What is my reaction to being praised?
(Prov 27:2,21). Nehemiah commended himself to God, saying, “Remember me with favour, O my God, for all I have done for these people” (Neh 5:19). He humbly asks his recompense be from God, not from the people. This is in contrast to the self-glory and pride of king Nebuchadnezzar who said, “Is not this the great Babylon, I have built as the royal residence, by my power and for the glory of my majesty”. Immediately he was severely humbled until, seven years later, he directed praise and glory to God stating “Those who walk in pride He is able to humble” (Dan 4:30-37).
Don’t let praise swell your head
anybody can do it’ comments, and becoming proud. The attitude of our heart is an area we need to guard closely, with our confidence being in the Lord’s enabling (1 Sam 16:7; Prov 4:23; 2 Cor 10:17,18). When others speak well of you accept it gracefully but do not take the credit to heart, always redirect the honour to God who gives the ability, for He will not share His glory with another (Deut 8:18; Isa 48:11).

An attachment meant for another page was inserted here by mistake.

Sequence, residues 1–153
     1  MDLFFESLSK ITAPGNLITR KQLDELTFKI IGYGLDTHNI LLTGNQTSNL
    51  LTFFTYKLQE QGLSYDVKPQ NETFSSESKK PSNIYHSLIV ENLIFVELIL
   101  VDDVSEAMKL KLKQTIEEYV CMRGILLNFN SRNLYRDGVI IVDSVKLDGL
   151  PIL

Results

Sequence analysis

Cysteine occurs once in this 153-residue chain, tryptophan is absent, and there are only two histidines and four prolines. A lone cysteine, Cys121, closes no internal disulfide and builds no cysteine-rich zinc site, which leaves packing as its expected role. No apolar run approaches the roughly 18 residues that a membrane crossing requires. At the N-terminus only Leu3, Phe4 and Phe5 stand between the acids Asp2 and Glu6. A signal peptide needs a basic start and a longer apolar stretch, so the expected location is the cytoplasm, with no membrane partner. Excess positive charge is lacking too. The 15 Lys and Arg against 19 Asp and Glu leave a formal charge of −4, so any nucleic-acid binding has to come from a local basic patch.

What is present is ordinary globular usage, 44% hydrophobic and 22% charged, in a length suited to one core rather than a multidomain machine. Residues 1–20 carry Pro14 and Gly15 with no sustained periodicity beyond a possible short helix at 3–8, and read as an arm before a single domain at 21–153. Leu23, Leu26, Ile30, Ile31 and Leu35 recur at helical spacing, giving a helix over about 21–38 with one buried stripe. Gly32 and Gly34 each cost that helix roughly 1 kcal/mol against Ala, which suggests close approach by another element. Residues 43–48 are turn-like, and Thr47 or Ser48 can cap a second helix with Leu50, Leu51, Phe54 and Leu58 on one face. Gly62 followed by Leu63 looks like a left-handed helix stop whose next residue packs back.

Don’t try to impress by putting on a false façade, instead recognise you are being transformed by Christ (Rom 12:1,2). We should always be endeavouring to do our best while those who are extremely capable and apply themselves should be recognised and viewed as examples to be emulated (Prov 31:10-31). Paul publicly honoured Timothy, “I have no-one else like him, who takes a genuine interest in your welfare” (Phil 2:19-23).
Jesus was commended by His Father, “You are my Son, whom I love, with you I am well pleased” (Mk 1:11). Several times God’s message to righteous people included words such as, “You are highly esteemed” which reflected their character (Dan 10:11; Lk 1:28). “Well done good and faithful servant…” is the recognition given for faithful and diligent service to the Master (Mt 25:21,23).